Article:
Who's in Left?

For many M's fans throughout the first 20 years of the club's existence, Phil Bradley held a special place in our hearts. Not because he was widely considered the best left fielder in club history, but mainly because he anchored the position that was to become an annual revolving door for the better part of a decade.



In fact, if you start to count all the left fielders during that area using your fingers, than you better pull off your socks and start using your toes, because you've forgotten some.

Such memorable Mariners such as Greg "Pee Wee" Briley, Kevin Mitchell, Henry Cotto, Eric Anthony, Vince Coleman, and so on, all held the position at one time or another. Sure Mitchell was a home run champion with the Giants at one time, and Vince Coleman was one of the finest base stealers in MLB history, but neither displayed that prime ability while they were Mariners.

So why the trip down memory lane, you ask? Because it seems that the Mariners are now making up for all of their past left field misdeeds by carrying three of them on the roster this year. Three good ones, too.

The left field conundrum is one of the biggest questions looming over the Mariners heading into spring training with no clear answer as of yet.

If spring training were to start tomorrow, the Mariners would go into the season starting three left fielders, with Randy Winn getting the nod in left, super-prospect Jeremy Reed in center and dependable lefty Raul Ibanez at DH.

All are solid options and each brings with them benefits and drawbacks.

Randy Winn is the incumbent with the reasonable salary and the sturdy glove. A mediocre center fielder at best, Winn is at his best at home in left field where his lack of range is far less damaging, and if the Mariners only played the second half of the season every year he would be a perennial all-star.

Unfortunately, he is such a slow starter that his bat drags down the entire lineup the first half of the year and his lack of power is more suited to the middle infield than as a corner outfielder, which are tradionally considered power positions.

Raul Ibanez was the Mariners key off-season acquisition in 2003. A late bloomer, Ibanez blossomed with the Royals before signing with the Mariners as a free agent last winter.

Ibanez is perfectly suited for Safeco field where his dead pull power sends line-drives over the right field fence. Better described with gap power than true home run power, Ibanez is still a 25 home run threat, capable of hitting in the .300 range and driving in 80-90 runs as he hits behind power-hitting first baseman Richie Sexson. the 31-year-old is also the only lefty power threat in a predominantly right-handed line up.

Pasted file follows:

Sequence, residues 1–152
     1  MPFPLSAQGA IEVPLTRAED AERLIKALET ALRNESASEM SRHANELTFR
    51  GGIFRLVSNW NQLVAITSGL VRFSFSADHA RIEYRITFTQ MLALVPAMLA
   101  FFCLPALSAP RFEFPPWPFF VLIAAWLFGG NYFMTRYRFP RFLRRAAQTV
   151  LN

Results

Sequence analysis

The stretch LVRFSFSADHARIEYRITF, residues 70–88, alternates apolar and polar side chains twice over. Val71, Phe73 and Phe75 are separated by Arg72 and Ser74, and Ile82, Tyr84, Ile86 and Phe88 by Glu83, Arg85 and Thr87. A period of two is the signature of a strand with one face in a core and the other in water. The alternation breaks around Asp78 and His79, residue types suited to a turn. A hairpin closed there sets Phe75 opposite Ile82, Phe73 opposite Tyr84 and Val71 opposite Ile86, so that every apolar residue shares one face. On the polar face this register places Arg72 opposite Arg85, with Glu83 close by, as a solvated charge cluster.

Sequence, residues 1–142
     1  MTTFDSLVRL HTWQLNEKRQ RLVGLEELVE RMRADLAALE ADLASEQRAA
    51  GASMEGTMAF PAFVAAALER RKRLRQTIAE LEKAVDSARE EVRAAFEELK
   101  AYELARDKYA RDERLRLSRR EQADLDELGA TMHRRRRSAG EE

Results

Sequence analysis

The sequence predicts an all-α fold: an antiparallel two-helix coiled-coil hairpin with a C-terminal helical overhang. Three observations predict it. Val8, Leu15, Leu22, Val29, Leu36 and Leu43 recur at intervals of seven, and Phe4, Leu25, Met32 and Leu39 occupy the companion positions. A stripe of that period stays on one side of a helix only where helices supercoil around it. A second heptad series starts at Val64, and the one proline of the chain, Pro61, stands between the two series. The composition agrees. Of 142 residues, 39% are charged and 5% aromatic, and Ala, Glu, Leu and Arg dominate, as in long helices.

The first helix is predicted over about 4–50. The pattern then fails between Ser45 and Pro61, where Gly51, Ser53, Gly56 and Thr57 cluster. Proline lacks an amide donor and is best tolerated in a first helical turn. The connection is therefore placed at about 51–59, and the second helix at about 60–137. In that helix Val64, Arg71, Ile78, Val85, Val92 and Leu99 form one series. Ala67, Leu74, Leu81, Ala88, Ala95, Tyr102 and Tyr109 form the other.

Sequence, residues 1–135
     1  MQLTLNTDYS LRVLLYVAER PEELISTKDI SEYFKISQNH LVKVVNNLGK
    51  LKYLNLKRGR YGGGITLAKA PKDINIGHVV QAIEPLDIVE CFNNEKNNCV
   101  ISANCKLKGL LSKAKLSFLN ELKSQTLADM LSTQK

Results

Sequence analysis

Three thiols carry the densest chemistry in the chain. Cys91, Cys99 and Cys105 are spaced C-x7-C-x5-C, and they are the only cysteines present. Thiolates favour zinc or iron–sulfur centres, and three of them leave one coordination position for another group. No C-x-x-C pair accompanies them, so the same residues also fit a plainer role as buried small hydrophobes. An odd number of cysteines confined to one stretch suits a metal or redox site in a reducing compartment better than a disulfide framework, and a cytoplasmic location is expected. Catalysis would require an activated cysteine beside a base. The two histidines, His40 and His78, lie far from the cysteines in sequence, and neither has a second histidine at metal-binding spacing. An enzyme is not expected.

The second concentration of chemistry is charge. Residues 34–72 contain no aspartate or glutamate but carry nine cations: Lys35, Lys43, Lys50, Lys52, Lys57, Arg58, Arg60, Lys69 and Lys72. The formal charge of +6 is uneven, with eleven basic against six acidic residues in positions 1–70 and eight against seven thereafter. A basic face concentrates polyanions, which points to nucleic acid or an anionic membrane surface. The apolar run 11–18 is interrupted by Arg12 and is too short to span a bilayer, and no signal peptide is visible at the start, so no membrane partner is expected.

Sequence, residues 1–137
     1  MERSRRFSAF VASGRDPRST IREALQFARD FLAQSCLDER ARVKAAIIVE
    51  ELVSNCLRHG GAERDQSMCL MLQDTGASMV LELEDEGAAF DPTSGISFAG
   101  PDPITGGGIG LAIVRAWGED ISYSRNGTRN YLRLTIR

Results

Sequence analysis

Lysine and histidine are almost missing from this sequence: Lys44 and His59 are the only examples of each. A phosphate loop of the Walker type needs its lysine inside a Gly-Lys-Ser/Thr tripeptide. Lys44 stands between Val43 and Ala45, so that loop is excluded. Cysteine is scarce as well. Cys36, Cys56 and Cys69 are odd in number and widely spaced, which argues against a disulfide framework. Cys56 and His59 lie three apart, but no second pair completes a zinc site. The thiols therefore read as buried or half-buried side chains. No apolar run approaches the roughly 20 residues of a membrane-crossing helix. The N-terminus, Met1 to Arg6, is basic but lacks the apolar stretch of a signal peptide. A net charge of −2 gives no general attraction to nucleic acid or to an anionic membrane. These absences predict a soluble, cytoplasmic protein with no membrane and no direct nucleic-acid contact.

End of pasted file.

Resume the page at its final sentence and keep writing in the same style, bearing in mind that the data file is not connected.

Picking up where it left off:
Jeremy Reed is the wunderkind. Acquired from the White Sox in the Freddy Garcia trade, Reed was nothing short of spectacular in his season debut with the Mariners, batting close to .400 and displaying amazing instincts and discipline at the plate.

Another gap hitter light on power, Reed's plate skills can be compared to a young John Olerud, with a tremendous eye and patience. As a regular starter, Reed could eventually be a .320, 15 home run, 30 stolen base guy, with the occasional batting title waiting for him. Having excelled at every level in the minors, the Mariners have no choice but to put him in the lineup in 2005.

With the Mariners addressing their power needs via free agency, they now have options. In prior seasons where Winn's lack of power was a problem, he could now give the Mariners a solid contact hitter at the bottom of the order.

Against his wishes, Ibanez may end up the DH in '05, giving the Mariners some left-handed pop in the order, without being relied upon to be the home-run guy instead focusing on simply driving in runs. The 30-year-old also solves a huge question mark in Bucky Jacobsen, relegating Bucky to a more natural role as a pinch hitter and fill-in starter to allow manager Mike Hargrove to rest a few guys here and there.

Jeremy Reed is the ideal number two hitter. When Bob Melvin experimented with John Olerud batting second, he had a guy like Jeremy Reed in mind. A contact hitter with speed, Reed's skills allow for a table-setting duo at the top of the order, getting himself, and Ichiro, into scoring position more often. With all three left0field candidates in the lineup, Hargrove will have all sorts of weapons and the trio will benefit from Beltre and Sexson, who will be shouldering the power load that gave the Mariners' hitters so many fits in 2004.

Of course, rumors abound with Randy Winn departing via trade and giving the Mariners some salary relief. Though interest has been high, Bavasi is unwilling to simply give Winn away, and with good reason. The Mariners spent the previous decade without a reliable left fielder. How can one blame them for being a little cautious before letting a good one get away.


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